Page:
Warriors turn a profit once again

Matthew Gourlie
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Revenues down, but franchise's finances remain strong

For the third straight season the Moose Jaw Warriors saw their winning percentage drop.


Chad Taylor, Moose Jaw Warriors president, speaks at the team's annual general meeting Thursday at the Heritage Inn.

It only figures then that their revenues have gone in the same direction.

Despite posting a disappointing 21-42-3-6 record and missing the playoffs for a second straight season, the Warriors turned a profit for the year that ended on May 31, 2014.

The Warriors announced net earnings of $61,566 for the year and have a very healthy cache of retained earnings to the tune of $1,329.161 moving forward.

"We would love to have made more money, but we're keeping our costs in line," said Warriors president Chad Taylor after the team's annual general meeting Thursday. "We lost a lot of revenue off of walk-up tickets this year. When you have a poorer team on the ice, the fan base isn't going to come support you as well. We understand that and we were prepared. When you're going through a rebuild we understand that you're going to have some ups and downs and you just have to work through them. That is going to happen in cycles."

Taylor and Mark Hetherington ran unopposed and will retain their places on the board for three more years. Bob Dougall joins the board as a new member. He also won by acclamation after incumbent Shea Jameson didn't seek re-election.

Dougall sought a position on the board a year ago.

"Bob's a great business leader in Moose Jaw and we look forward to his input and his ideas," said Taylor.

Taylor thanked those in attendance for their patience as the team tries to build through the draft.

"We're working hard to be better for you and I want to thank you all for your patience during this rebuild," said Taylor.

Once again the Booster Club was a vital financial resource. They raised $205,310 to go along with everything else they do for the club — which includes cooking meals throughout training camp.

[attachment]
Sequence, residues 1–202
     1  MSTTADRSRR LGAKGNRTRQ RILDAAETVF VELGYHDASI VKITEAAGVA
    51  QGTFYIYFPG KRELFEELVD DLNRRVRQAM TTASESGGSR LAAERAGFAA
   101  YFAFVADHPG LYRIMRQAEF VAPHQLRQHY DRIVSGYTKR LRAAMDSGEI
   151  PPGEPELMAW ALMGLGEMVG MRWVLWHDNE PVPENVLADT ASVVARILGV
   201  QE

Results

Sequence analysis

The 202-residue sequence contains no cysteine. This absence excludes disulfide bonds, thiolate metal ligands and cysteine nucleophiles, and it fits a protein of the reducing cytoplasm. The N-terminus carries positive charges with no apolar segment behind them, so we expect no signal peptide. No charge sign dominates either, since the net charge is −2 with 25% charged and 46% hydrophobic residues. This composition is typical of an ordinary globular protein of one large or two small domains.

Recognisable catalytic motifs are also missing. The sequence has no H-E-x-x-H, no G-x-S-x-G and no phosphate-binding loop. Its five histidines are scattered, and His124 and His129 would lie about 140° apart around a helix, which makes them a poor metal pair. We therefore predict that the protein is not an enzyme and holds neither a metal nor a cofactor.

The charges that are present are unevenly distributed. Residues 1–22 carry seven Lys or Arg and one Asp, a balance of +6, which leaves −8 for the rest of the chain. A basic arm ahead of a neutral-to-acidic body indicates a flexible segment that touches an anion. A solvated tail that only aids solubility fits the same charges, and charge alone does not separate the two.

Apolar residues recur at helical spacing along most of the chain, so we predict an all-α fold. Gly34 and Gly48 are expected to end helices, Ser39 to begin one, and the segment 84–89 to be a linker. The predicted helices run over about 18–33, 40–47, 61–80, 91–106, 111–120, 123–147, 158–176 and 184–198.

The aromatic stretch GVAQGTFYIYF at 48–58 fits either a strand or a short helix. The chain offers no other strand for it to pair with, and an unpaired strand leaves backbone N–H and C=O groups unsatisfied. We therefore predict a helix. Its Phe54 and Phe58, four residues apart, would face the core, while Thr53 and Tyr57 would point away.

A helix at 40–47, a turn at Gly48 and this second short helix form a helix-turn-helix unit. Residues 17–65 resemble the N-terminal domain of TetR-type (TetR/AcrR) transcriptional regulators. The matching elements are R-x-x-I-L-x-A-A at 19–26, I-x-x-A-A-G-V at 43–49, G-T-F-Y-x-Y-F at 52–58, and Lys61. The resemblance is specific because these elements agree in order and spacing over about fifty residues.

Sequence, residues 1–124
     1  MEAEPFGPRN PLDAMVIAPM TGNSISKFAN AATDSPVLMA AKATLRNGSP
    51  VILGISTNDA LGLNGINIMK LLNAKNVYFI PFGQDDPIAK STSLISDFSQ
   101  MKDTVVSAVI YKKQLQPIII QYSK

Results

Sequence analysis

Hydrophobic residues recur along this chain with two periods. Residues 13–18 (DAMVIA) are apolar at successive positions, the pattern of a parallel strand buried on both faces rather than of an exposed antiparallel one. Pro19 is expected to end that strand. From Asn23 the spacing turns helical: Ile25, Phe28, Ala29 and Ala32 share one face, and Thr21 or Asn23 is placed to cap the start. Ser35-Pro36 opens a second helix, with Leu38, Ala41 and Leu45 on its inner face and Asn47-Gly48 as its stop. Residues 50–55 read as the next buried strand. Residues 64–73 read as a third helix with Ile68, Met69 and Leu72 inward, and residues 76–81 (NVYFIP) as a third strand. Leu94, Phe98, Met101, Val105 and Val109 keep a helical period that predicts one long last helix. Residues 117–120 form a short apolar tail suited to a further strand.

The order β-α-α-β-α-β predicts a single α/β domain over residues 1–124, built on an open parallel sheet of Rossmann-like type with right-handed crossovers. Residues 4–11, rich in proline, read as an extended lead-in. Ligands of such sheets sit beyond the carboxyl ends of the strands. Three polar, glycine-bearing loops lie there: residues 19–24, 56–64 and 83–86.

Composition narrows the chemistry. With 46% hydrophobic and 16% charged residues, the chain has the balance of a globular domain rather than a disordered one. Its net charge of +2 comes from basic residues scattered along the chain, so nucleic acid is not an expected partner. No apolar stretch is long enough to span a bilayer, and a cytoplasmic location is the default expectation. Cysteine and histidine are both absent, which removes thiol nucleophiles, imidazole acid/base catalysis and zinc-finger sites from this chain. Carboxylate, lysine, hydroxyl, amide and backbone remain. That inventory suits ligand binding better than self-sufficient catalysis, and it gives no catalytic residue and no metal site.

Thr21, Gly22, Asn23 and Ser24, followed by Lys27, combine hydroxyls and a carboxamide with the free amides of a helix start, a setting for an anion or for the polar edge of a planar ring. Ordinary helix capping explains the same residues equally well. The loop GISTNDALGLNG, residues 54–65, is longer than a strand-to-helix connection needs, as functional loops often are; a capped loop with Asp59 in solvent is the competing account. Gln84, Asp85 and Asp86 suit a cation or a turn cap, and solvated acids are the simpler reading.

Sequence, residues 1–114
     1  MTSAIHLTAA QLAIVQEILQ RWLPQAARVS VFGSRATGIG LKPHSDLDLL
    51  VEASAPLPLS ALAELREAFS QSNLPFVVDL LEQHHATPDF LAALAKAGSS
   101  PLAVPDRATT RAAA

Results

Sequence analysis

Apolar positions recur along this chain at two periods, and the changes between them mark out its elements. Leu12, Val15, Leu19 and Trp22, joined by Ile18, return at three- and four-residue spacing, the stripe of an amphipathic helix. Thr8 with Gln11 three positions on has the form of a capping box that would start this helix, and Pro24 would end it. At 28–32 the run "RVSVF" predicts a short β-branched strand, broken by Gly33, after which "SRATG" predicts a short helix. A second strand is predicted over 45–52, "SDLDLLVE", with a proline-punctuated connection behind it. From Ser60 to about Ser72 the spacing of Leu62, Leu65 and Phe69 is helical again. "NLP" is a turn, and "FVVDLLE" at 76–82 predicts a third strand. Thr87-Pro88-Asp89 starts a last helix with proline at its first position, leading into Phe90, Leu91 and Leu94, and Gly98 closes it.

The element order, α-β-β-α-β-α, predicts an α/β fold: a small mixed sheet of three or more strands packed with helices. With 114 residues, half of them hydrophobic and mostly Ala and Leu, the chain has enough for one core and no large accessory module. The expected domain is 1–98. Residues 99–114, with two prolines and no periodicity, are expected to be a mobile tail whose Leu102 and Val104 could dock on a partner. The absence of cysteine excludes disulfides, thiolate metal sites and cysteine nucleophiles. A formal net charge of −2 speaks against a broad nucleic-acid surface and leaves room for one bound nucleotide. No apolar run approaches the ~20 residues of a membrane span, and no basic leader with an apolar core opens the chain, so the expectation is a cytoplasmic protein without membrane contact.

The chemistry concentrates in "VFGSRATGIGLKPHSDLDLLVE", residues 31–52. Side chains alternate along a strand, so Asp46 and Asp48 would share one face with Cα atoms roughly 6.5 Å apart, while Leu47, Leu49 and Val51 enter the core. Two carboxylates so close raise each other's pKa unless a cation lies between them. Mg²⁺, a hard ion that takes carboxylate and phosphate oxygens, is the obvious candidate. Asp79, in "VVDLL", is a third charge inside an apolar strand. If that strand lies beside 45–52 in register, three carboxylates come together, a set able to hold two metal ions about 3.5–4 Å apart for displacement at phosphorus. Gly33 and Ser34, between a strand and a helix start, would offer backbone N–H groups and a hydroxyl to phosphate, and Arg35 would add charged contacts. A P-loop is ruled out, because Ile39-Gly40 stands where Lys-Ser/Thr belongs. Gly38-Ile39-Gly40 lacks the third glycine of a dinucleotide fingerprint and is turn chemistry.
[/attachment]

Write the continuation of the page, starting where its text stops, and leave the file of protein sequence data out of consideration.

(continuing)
"I'm glad they're here. I just wish they were all getting younger instead of older," said Warriors board member Larry Sentes.

The Warriors strong financial success was also a boon to Mosaic Place once again. In addition to the $157,875 they paid in ice rental, the Warriors also made their annual $200,000 "Multiplex Pledge." They have six years remaining on that pledge. Mosaic Place also received $419,407 in their revenue sharing agreement with the team.

"I think we're a great partner for Mosaic Place," said Taylor. "We had to get a new facility and that's the only way we could keep the club here. We respect Mosaic Place and we're a partner. We're going to do whatever we can to make sure the revenue is good on both sides."

There is two years remaining on the five-year revenue sharing agreement.

"When you look at our agreement compared to other teams in the league, we have a fair agreement," said Taylor. "If there's room for improvement, I think we need to work better on marking ideas and trying to create a better fan experience."

While there was a buzz at the meeting after the announced the hiring of Tim Hunter as their new head coach earlier in the day, the Warriors board weren't blind to the challenges they're going to face in the coming season.

"I like to think that we're OK in terms of season tickets," said Taylor. "My concern right now is in that 20-26 year old bracket that we're not seeing those people come out to games. We might have to some promotions to try to generate some interest from that group there. This year will give us a better idea as we come out of this rebuild."

Attendance was down at Mosaic Place last season, a trend that was common across the league.

"I believe there were 19 clubs that reporter a decline in attendance last year," said Taylor. "That's a bit of a concern out there, but there are some things being done that may transpire over the next year that will help combat that."

Taylor was happy to announce that the league has signed a national sponsorship agreement with Rogers Sportsnet across the CHL.

"This new contract will provide additional marketing dollars right across the country for all junior hockey programs," said Taylor.

Taylor also touched on a possible second attempt to unionize junior hockey players in the last two years. Unifor, Canada's largest private sector union, has said they are looking at an attempt to organize the players.

"They have better representation. The last time they had some credibility issues, but they've got stronger people behind them," said Taylor.

While he felt confident that the players in Moose Jaw were happy with the way they have been treated and the programs and resources that are available to them, Taylor also acknowledged that anything that could potentially affect your bottom line is worth monitoring closely.

"The league is going to look after that on their end," said Taylor. "Our agreement is a lot of different compared to the other leagues out east. We're in a good position, but it's still a concern when someone can challenge you in that respect."

Organizations: Booster Club, Warriors board, Rogers Sportsnet

Geographic location: Moose Jaw, Canada

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